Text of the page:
FNS saddened to hear of potential unmarked gravesites at Alberni Indian Residential School site

Press Release

F EBRUARY 21, 2023

(xʷməθkʷəy̓əm (Musqueam), Sḵwx̱wú7mesh (Squamish) and səlilwətaɬ (Tsleil- Waututh), Vancouver, British Columbia – Leaders of the First Nations Summit (FNS) are deeply saddened by today’s acknowledgment of sixty-seven known student deaths and announcement of seventeen suspected gravesites, found with ground penetrating radar, in the surrounding area of the former Alberni Indian Residential School in Port Alberni.

“Once again, we have yet another community announcing important results of ground penetrating radar investigations stemming from this bleak time in our history. Words cannot express our continuing sadness for the lost children whose unmarked gravesites continue to be found at former residential school sites such as the Alberni Indian Residential School. It is horrifying and unconscionable to understand the thousands of children cast aside in what has been confirmed as a Canadian genocide. We stand with the Tseshaht First Nation as they continue to progress through the various stages of their investigation into the potential unmarked grave sites within their traditional territory. Our thoughts are with all of the First Nations communities whose citizens attended this dreadful institution,” said Cheryl Casimer of the FNS Political Executive.

“The Indian Residential School system was created to strip the ‘Indian out of the child’. Residential schools were quite simply a direct attack on First Nations people and communities, especially our cultural practices and languages, with an end goal to assimilate us into Canadian society,” added Hugh Braker of the FNS Political Executive and a member of the Tseshaht First Nation. “The horrific physical and emotional abuses suffered by our children who attended residential schools continue to have devastating inter- generational impacts on our people and our communities to this very day. This genocide will go down as the largest blight on Canada’s colonial history.”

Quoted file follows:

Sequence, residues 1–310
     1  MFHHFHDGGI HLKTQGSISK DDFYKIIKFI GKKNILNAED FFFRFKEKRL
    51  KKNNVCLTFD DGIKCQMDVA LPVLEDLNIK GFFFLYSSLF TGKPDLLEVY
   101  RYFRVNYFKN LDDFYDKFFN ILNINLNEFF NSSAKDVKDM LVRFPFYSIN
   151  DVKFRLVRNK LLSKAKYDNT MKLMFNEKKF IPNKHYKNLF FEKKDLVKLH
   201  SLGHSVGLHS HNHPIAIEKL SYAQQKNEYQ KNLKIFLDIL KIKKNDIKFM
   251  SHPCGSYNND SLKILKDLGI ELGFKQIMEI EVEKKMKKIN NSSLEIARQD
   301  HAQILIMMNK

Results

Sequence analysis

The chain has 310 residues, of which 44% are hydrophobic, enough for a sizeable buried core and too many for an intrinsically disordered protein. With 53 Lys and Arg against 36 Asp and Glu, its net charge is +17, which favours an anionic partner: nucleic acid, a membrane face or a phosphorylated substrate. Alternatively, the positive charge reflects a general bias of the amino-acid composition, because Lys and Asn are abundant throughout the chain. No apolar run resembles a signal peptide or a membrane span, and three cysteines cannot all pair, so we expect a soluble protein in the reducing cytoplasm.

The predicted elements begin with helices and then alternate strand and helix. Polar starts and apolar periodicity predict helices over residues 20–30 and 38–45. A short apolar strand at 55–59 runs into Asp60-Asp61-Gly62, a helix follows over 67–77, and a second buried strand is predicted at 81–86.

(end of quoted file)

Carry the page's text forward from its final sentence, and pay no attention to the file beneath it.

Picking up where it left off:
“Our thoughts also go out to all of the First Nations communities whose children went missing at the Alberni Indian Residential School. We hold up our hands to Chief Councillor Ken Watts and the Tseshaht First Nation leadership, as well as the technical team for undertaking this culturally sensitive work and for their actions to ensure the investigation leaves no stone unturned. To date, the federal government has not provided adequate funding to communities undertaking this work. We encourage the federal government to
provide all necessary resources needed to complete this critical work. This work must continue to conclusion to provide our communities and citizens closure,” concluded Robert Phillips of the FNS Political Executive.

The FNS recognizes that these continuing discoveries could cause trauma for Indian Residential School survivors and their families. We encourage those who suffer emotional distress as a result of this information to contact the Indian Residential School Society (IRSSS) 24-hour support line at 1-800-721-0066 or visit their website at www.irsss.ca.


The First Nations Summit speaks on behalf of First Nations involved in treaty negotiations in British Columbia. The Summit is also a NGO in Special Consultative Status with the Economic and Social Council of the United Nations. Further background information on the Summit may be found at www.fns.bc.ca. For further information:

Cheryl Casimer, FNS Political Executive 778-875-2157
Hugh Braker, FNS Political Executive 604-812-2632
Robert Phillips, FNS Political Executive 778-875-4463


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